Each SRS was comprised of a lieutenant, a sergeant, and 39 privates, including linesmen who laid and repaired the communications wires, forward observers on the front lines, and the recorders, computers, and plotters at a Central Station who worked the electrical apparatus.  In simplified terms, the process of locating the position of an enemy gun began with the forward observers stationed on the front lines.  When they heard a significant report by an enemy artillery piece, they pressed a button to activate the recorder at Central Station.  When the sound wave from the report hit a series of six microphones arrayed behind the front line, each microphone sent an electric pulse via communications wire to the recorder.  The recorder documented the exact moments at which the report reached each microphone, similar to the jumps caused by an earthquake on a seismograph.  By plotting the recorded differences in time on a map board, the men at Central Station identified the position of the piece.  Seasoned Sound Rangers could pass the location on to the Chief Intelligence Officer within three to five minutes.  AEF artillerymen could then refine their targeting and conduct a counter barrage to eliminate the enemy’s gun.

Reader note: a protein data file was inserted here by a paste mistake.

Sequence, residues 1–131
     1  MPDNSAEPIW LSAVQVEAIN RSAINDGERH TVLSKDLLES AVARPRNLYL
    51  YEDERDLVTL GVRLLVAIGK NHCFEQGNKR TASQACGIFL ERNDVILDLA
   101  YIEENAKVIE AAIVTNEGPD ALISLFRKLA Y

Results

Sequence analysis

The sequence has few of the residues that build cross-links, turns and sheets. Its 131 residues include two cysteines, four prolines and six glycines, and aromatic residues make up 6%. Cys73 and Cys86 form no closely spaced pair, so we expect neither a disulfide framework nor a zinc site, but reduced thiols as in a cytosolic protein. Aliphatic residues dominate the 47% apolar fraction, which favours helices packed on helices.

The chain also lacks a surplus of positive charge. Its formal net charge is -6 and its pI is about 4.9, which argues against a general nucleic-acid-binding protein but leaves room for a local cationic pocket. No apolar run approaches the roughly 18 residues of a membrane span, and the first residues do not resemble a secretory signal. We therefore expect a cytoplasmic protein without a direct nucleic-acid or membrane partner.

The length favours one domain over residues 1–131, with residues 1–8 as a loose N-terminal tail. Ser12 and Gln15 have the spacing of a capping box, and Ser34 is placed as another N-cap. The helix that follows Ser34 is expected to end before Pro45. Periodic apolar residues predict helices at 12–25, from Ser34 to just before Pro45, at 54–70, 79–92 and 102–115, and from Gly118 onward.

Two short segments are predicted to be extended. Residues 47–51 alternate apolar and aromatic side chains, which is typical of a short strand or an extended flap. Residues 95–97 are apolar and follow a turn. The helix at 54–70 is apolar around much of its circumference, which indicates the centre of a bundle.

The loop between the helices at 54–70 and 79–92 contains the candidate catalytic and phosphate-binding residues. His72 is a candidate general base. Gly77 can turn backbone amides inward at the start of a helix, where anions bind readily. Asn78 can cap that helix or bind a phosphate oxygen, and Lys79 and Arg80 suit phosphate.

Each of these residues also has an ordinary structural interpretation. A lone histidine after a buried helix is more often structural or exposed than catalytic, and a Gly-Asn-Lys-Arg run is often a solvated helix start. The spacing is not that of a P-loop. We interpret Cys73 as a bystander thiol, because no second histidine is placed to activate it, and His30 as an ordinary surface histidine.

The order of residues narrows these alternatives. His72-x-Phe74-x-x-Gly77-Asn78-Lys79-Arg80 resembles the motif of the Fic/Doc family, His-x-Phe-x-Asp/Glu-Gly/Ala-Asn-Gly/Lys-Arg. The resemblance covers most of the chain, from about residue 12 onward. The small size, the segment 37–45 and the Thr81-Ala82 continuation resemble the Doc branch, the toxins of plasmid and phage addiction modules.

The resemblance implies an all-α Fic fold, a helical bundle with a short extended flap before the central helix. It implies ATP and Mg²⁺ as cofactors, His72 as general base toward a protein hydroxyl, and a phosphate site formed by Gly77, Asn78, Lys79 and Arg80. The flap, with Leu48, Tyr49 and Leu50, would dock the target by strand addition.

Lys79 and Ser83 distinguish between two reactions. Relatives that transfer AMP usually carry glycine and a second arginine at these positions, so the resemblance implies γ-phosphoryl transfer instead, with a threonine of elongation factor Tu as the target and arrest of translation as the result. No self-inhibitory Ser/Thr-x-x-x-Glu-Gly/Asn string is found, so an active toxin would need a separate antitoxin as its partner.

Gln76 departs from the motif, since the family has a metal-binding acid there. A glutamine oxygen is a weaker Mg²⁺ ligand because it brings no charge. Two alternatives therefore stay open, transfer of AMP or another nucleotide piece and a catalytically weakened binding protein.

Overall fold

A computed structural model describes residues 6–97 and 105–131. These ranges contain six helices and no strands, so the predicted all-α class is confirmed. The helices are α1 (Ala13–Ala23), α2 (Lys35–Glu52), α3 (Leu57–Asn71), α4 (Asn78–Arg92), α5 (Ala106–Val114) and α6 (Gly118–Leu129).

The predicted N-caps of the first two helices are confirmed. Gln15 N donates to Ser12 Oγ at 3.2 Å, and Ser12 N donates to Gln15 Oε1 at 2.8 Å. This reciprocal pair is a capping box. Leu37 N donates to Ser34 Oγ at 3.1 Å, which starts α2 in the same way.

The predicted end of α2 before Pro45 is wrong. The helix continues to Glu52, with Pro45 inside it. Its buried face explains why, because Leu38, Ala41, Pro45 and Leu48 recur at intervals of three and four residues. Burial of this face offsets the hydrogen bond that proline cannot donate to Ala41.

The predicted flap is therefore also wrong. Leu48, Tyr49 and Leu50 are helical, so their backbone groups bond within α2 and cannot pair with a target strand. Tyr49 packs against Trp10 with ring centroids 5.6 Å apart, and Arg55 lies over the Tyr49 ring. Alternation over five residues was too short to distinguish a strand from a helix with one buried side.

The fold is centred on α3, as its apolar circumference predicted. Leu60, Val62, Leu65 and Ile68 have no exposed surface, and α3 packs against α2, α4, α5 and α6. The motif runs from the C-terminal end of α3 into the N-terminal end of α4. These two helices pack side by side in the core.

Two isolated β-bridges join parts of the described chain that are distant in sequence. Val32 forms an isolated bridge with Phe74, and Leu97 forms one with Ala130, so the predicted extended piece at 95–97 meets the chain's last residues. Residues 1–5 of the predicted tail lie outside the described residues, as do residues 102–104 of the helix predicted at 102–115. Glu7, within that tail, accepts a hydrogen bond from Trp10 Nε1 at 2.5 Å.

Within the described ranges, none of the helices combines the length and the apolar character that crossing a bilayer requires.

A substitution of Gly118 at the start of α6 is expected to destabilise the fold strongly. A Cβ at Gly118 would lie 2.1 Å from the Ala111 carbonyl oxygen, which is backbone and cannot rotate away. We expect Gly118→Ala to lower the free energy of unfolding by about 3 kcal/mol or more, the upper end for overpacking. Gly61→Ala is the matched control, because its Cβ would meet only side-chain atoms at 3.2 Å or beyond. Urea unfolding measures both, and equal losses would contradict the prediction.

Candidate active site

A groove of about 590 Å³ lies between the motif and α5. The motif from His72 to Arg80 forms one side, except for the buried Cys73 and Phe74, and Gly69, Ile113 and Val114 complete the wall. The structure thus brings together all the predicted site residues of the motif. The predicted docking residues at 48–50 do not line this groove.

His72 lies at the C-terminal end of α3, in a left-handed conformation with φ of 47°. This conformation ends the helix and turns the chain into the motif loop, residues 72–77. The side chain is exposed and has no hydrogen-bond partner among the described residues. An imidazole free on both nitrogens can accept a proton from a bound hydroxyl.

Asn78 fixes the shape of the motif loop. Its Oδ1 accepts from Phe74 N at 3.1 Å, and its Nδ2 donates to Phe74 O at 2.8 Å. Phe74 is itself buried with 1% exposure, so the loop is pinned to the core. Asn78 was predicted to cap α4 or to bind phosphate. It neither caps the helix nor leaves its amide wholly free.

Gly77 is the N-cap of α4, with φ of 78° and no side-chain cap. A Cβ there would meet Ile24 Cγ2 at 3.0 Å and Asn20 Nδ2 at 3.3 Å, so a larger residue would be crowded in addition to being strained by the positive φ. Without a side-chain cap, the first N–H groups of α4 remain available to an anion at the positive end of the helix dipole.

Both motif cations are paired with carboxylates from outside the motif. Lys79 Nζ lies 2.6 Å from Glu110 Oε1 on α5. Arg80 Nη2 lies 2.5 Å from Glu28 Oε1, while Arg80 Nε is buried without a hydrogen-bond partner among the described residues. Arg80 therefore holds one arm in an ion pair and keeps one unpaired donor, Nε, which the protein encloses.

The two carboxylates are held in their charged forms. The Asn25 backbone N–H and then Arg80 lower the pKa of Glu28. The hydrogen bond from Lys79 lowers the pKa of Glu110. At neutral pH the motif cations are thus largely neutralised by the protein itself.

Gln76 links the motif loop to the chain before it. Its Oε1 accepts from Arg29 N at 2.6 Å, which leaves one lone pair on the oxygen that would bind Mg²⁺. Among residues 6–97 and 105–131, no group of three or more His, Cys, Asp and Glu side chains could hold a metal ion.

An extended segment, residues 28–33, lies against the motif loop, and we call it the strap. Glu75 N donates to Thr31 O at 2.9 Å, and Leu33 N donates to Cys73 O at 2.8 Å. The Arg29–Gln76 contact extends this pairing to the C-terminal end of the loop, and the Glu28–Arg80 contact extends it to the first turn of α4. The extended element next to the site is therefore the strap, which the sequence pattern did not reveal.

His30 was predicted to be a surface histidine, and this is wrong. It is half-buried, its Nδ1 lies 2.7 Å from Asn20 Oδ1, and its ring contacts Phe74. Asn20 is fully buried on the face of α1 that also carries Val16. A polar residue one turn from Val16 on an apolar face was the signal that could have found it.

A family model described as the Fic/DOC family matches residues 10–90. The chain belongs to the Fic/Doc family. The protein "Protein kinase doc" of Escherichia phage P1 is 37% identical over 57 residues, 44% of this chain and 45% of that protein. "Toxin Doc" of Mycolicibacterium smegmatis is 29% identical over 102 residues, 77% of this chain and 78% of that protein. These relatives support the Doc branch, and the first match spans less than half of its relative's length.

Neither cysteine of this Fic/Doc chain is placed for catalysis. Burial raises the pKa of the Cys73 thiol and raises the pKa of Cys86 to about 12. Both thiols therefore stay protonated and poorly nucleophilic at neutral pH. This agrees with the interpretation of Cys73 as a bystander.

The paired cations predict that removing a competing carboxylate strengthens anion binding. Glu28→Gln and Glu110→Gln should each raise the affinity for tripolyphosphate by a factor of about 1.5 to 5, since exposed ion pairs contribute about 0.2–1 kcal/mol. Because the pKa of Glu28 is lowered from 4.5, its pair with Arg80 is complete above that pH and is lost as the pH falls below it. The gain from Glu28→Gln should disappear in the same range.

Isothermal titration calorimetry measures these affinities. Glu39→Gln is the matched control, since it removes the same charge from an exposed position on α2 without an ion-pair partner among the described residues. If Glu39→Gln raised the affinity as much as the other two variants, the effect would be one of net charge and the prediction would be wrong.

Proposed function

As enemy artillery inflicted nearly half of all Allied casualties, the information provided by the Sound Rangers proved to be a significant intelligence source.  In addition to immediately passing on the location of enemy guns, the SRS compiled a daily report for the Artillery Information Service that summarized the class of battery (howitzer or gun), caliber, and probable targets.  Forward observers added their assessments to the report and collected shell fragments, duds, and portions of fuzes for analysis.  The observers’ remarks were critical in many respects.  For example, from their front line posts, observers heard the arrival of German resupply trains.  They also determined that, when the enemy’s band played, new troops were arriving at the front in preparation for an upcoming attack.